United States District Court, N.D. California, San Jose Division
May 22, 2015
AUTODESK, INC., Plaintiff,
ZWCAD SOFTWARE CO. LTD., et al., Defendants.
ORDER DENYING MOTION TO APPOINT NEUTRAL EXPERT OR IN THE ALTERNATIVE MOTION FOR PROTECTIVE ORDER, GRANTING CROSS-MOTION TO COMPEL AND GRANTING-IN-PART MOTION TO COMPEL PRODUCTION AND FOR INJUNCTIVE RELIEF
(Re: Docket Nos. 82, 85, 87)
PAUL S. GREWAL, Magistrate Judge.
Defendants ZWCAD Software Co., Ltd., ZWCAD Design Co., Ltd. and HK ZWCAD Software Ltd. move to appoint a neutral expert to narrow the scope of the code that must ultimately be produced to Plaintiff Autodesk, Inc. Autodesk cross-moves to compel production of ZWSoft's source code in whole and separately moves to compel production of documents related to a former ZWCAD Software Co., Ltd. employee, Mr. Zou. Autodesk also seeks an order prohibiting ZWSoft from pursuing any claims against Zou as a result of his cooperation with Autodesk. The motion to appoint neutral expert or in the alternative motion for protective order is DENIED, Autodesk's cross-motion to compel source code is GRANTED and Autodesk's motion to compel production and for injunctive relief is GRANTED-IN-PART.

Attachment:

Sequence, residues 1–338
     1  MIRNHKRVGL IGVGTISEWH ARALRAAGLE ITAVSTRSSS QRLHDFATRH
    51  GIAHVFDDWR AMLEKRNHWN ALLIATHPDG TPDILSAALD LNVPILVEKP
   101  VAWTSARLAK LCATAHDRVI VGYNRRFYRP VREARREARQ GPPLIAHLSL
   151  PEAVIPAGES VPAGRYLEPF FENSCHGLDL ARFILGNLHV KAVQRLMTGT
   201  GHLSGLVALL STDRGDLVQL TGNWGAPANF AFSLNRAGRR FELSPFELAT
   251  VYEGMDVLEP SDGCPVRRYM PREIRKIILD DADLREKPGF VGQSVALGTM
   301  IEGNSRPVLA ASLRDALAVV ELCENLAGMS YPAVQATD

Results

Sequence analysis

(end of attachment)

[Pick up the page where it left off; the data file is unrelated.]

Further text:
Autodesk provides computer-aided design software that "create[s] digital models and workflows that allow visualization, simulation and analysis of designs before implementation." AutoCAD is Autodesk's "flagship product" and largest revenue-generating product. Autodesk alleges that ZWSoft engaged in wholesale copying of "large portions of Autodesk source code" in order to create its software program ZWCAD.
In 2014, Autodesk filed this suit for copyright infringement and trade secret misappropriation. Among the various disputes in the case thus far has been whether ZWSoft needs to produce documents-particularly source code-outside of China. This court previously ordered ZWSoft to produce code in the United States, finding a potential conflict with Chinese law insufficient to justify the burden and expense of limiting production to on-site inspection in China.